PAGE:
The aim of this study is to determine if weekly application of dehydrated human amnion/chorion membrane allograft reduce time to heal more effectively than biweekly application for treatment of diabetic foot ulcers. This was an institutional review board-approved, registered, prospective, randomised, comparative, non-blinded, single-centre clinical trial. Patients with non-infected ulcers of ≥ 4 weeks duration were included for the study. They were randomised to receive weekly or biweekly app...

  18. The oxytocin receptor antagonist, Atosiban, activates pro-inflammatory pathways in human amnion via G(αi) signalling.

    Science.gov (United States)

    Kim, Sung Hye; MacIntyre, David A; Hanyaloglu, Aylin C; Blanks, Andrew M; Thornton, Steven; Bennett, Phillip R; Terzidou, Vasso

    2016-01-15

    Oxytocin (OT) plays an important role in the onset of human labour by stimulating uterine contractions and promoting prostaglandin/inflammatory cytokine synthesis in amnion via oxytocin receptor (OTR) coupling. The OTR-antagonist, Atosiban, is widely used as a tocolytic for the management of acute preterm labour. We found that in primary human amniocytes, Atosiban (10 μM) signals via PTX-sensitive Gαi to activate transcription factor NF-κB p65, ERK1/2, and p38 which subsequently drives upregulation of the prostaglandin synthesis enzymes, COX-2 and phospho-cPLA2 and excretion of prostaglandins (PGE2) (n = 6; p Atosiban treatment increased expression and excretion of the inflammatory cytokines, IL-6 and CCL5. We also showed that OT-simulated activation of NF-κB, ERK1/2, and p38 and subsequent prostaglandin and inflammatory cytokine synthesis is via Gαi-2 and Gαi-3 but not Gαq, and is not inhibited by Atosiban. Activation or exacerbation of inflammation is not a desirable effect of tocolytics. Therefore therapeutic modulation of the OT/OTR system for clinical management of term/preterm labour should consider the effects of differential G-protein coupling of the OTR and the role of OT or selective OTR agonists/antagonists in activating proinflammatory pathways. PMID:26586210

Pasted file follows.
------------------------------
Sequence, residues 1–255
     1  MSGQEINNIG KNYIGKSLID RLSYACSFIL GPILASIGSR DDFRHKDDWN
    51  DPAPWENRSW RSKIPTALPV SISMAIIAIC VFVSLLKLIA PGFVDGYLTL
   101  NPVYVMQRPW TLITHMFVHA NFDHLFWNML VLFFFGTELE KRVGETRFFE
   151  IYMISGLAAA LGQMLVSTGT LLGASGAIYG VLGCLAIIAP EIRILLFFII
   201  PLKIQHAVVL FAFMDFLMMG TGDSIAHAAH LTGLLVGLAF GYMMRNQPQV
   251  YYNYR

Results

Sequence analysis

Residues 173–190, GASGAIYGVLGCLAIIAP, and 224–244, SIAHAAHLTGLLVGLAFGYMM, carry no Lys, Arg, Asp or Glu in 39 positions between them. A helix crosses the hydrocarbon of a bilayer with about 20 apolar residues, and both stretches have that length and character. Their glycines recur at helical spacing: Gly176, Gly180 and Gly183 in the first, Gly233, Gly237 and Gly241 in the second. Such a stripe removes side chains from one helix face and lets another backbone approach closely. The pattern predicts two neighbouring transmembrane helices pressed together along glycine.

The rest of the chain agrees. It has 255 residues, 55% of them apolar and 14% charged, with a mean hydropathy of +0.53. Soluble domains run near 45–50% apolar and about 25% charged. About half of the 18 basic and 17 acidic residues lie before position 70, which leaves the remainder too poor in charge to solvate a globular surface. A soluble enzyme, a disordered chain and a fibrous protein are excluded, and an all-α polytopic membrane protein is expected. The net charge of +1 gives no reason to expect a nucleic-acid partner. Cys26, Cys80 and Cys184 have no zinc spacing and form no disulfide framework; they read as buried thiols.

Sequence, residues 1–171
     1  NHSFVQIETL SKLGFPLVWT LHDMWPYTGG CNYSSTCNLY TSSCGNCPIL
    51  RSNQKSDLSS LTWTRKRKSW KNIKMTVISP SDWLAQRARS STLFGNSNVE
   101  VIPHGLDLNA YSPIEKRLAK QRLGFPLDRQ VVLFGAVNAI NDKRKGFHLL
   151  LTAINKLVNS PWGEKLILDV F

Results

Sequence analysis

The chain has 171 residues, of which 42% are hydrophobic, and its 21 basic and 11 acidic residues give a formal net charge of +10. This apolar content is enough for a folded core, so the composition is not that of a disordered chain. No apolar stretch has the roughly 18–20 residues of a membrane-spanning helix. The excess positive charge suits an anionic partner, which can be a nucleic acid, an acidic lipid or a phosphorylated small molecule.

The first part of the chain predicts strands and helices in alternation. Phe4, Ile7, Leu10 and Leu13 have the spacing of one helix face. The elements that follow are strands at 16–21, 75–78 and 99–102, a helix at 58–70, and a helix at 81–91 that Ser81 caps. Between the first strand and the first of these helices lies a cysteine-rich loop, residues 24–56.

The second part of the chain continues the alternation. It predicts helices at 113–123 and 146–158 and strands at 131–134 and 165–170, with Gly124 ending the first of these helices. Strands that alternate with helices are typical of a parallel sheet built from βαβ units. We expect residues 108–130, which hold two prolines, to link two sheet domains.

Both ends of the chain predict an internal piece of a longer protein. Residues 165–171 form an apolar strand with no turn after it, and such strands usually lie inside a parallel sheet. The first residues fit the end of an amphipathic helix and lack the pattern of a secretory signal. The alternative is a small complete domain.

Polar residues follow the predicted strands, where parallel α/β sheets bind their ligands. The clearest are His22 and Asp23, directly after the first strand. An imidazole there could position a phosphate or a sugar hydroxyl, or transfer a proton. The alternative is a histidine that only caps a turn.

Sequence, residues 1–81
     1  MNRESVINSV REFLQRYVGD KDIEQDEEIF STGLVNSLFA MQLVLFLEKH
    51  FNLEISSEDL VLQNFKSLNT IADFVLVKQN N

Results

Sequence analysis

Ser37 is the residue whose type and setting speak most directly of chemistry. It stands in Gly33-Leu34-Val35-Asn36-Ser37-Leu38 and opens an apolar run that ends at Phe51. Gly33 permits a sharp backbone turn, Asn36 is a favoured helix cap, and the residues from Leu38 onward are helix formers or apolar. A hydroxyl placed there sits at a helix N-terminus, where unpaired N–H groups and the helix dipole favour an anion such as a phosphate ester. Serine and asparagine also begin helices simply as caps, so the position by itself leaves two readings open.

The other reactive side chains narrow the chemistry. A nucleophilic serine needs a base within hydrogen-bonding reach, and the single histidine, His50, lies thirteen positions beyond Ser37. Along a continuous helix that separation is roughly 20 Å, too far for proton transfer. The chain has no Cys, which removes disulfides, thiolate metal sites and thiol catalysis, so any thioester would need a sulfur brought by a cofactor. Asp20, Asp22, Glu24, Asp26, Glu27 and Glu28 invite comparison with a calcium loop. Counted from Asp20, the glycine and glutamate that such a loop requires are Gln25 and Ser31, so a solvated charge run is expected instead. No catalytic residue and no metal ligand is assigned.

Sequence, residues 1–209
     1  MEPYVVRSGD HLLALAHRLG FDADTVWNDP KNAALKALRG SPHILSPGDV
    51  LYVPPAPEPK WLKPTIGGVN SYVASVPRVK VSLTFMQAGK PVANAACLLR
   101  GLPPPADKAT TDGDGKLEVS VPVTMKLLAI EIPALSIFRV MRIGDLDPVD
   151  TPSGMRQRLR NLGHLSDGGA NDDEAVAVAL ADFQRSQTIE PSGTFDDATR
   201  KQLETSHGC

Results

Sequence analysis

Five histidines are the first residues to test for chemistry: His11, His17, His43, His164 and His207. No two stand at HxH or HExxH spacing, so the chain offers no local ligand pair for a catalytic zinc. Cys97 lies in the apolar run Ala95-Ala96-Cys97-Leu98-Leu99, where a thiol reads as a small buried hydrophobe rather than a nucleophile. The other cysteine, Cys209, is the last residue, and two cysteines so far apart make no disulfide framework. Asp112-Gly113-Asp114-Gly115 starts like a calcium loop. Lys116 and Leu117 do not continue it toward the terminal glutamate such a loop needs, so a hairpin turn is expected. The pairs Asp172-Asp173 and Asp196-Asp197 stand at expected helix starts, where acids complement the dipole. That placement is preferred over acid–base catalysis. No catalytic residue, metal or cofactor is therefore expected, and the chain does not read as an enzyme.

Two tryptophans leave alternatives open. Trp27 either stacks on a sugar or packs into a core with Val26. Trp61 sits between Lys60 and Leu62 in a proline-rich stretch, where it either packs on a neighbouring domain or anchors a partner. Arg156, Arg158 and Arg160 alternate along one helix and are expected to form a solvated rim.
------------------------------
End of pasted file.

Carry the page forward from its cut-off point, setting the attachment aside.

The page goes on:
19. PENGARUH MEMBRAN AMNION TERHADAP JUMLAH SEL FIBROBLAS PADA PROSES PENYEMBUHAN LUKA (Kajian Histologis pada Gingiva Kelinci

    Directory of Open Access Journals (Sweden)

    Margareta Rinastiti

    2015-08-01

    Full Text Available Proliferation phase is the second of the three phases in wound healing. IN this phase, fibroblast is a pivotal component. The migration and proliferation of fibroblast are influenced by FGF, TGF-β and FGF. Amniotic membrane (AM which consists of  several growth factors that play an important role in wound healing can be used as transplantation materials. This study investigated the influence of AM on the number of fibroblast cells in the process of wound healing on rabbit’s gingiva. Thirty six rabbits were divided into 2 groups, one is the control group (C and the other is the treatment group (T. Each of the groups were divided into 6 groups, composed of 3 rabbits based on the date of termination, i.e. 1st, 3rd. 5th. 7th, 10th, and 14th day after wounded. Five layers of AM were applicated on T group wounding and C group wounding were let open. Histological evaluation was done to calculate the number of fibroblast cells. Data analysis was done by using MANOVA. The results showed there was a significant difference (p<0.05 in the number of fibroblast cells between T and C groups among the groups of termination dates. The one having the highest number of fibroblast cell was in T 10 group. It can be concluded that AM enhanced the number of fibroblast cells in the process of wound healing on rabbit’s gingival.

  20. Effect of double-layer human amnion on wound healing in deep second-degree burns of animals%复层人羊膜覆盖治疗深Ⅱ度烫伤创面的动物实验

    Institute of Scientific and Technical Information of China (English)

    宋炬赫; 樊昌东; 李瑶

    2008-01-01